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Low Voltage: What went wrong with Luka Šamanić and the San Antonio Spurs?

The 6'11" 21 year old was waived barely halfway through his rookie deal and after a lackadaisical preseason game. There's a lot to unpack, and blame to share.

SAN ANTONIO — On what would be his last night as a Spur, Luka Šamanić wore a t-shirt of AC/DC's album cover for 'Who Made Who?'

The simple design of Angus Young's diminutive frame standing in a schoolboy uniform with a devil-horned Gibson SG evoked fond memories of the live performances of one of the greatest guitarists of all time. 

AC/DC is about electricity, down to the name. High Voltage is an ethos, and since he was a child Angus Young has played the guitar like he's trying to split a mountain in half with it, darting around the stage with constant motion and a melting face. He brought his manic energy to the crowd with his instrument while masterfully controlling both. By all accounts a laid-back tea sipper off stage, he still turns it on and performs like a hyperactive little brother at retirement age, always.

Luka Šamanić is not Angus Young, and in the fourth of six preseason games, he showed another disappointing lack of intensity that must have been the final straw for decision-makers in the Spurs organization. He was cut on Monday afternoon, barely halfway through his rookie deal and well before the Spurs needed to cut anybody. 

The timing makes a bad draft and development outcome look even worse for all parties involved, and there's enough blame to share. Let's start with how Šamanić and the Spurs got here.

Coach Popovich played with his lineups and rotations through the first two tune-ups, but one of the constants was minimal play for the 21-year-old who the Spurs took with the 19th pick in 2019.

He didn't play more than 10 minutes of garbage time in either game, scoring six points each time. He started the third game and finished with 11 points in just 15 minutes. He had some impressive flashes of secondary shot creation after catching at the arc but also had some hesitant moments as the Heat outscored the Spurs by 20 when he was in the game.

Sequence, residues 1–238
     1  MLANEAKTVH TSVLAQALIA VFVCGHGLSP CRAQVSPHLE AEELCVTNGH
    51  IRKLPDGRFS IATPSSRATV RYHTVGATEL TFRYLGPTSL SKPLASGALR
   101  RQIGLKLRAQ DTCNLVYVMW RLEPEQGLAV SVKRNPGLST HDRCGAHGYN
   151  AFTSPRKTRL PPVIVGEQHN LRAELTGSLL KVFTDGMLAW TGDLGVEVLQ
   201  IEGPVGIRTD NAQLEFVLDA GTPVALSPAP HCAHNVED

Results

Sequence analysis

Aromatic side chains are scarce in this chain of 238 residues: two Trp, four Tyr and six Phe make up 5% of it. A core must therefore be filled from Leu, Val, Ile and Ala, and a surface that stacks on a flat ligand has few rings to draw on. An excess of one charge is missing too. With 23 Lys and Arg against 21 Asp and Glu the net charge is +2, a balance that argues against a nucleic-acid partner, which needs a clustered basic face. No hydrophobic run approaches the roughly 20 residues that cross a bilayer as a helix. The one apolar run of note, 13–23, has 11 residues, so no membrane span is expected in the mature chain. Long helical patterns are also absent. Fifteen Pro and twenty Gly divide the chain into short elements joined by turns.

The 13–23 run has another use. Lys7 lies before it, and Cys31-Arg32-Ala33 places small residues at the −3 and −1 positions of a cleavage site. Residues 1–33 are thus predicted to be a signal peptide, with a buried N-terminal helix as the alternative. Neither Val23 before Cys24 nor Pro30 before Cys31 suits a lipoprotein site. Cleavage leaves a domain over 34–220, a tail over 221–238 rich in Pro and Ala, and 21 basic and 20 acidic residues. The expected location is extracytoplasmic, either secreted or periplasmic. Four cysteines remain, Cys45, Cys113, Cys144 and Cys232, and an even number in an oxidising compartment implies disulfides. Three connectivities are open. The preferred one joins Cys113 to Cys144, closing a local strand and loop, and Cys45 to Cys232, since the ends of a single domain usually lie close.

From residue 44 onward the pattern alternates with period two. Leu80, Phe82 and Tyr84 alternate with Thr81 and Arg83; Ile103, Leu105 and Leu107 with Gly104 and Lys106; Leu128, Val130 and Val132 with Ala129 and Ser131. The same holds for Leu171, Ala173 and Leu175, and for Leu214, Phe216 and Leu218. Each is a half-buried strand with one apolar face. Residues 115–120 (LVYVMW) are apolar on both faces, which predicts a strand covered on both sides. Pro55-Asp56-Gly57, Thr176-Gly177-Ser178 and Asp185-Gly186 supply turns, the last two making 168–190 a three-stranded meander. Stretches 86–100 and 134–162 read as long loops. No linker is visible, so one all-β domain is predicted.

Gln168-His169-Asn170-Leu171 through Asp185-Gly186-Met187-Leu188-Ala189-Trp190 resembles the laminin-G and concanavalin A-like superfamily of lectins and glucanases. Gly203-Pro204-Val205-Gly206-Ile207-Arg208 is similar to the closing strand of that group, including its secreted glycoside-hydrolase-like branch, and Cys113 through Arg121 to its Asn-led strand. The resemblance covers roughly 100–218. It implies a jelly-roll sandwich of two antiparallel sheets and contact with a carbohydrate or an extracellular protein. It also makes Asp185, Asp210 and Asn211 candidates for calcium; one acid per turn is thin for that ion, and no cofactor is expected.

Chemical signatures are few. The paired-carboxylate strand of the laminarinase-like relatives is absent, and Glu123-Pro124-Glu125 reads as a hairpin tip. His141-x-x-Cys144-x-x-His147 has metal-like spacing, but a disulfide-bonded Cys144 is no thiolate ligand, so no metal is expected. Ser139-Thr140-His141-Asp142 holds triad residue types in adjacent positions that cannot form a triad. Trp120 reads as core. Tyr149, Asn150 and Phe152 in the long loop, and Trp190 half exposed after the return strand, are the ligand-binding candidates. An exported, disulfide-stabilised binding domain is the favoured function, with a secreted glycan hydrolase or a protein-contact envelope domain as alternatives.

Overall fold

Keita Bates-Diop came back from a minor injury for the fourth game against the Magic, and Coach Popovich made it a priority to get him some minutes off the bench. As a backup power forward, he disrupted a few plays defensively with his exceptionally long arms (7'3"-ish wingspan) but got his shot blocked twice in the same quarter.

San Antonio's main rotation built an 18-point fourth-quarter lead on the Magic, and Pop threw out a lineup with Bryn Forbes, KBD, Drew Eubanks, and rookies Josh Primo and Joe Wieskamp. Orlando left their key guys in, and they were unsurprisingly able to cut into the lead.

With just under four minutes to go, the end of the Spurs' bench was clinging to a six-point lead in a game where the result was immaterial, but the opponents were highly motivated. That was when the Croatian kid got put in the game for the first time, joining a weird lineup as a center as they tried to hold off Orlando's surging starters.

Primo attempted a pass to Šamanić at the top of the arc, and Cole Anthony picked it off and started running the other way. Luka was next to him, chasing him for a moment, then clearly and abruptly aborted his pursuit at half court.

Part of the context is that it was a strange moment in a preseason game for a guy who went in cold. The other part of the context is that he's always struggled to lock in at the NBA level, and on a night when he was fighting for a roster spot he visibly gave up on the play. Fans in San Antonio were upset about it, and it's easy to see why. It's a play that already represents why his time here has come to an end.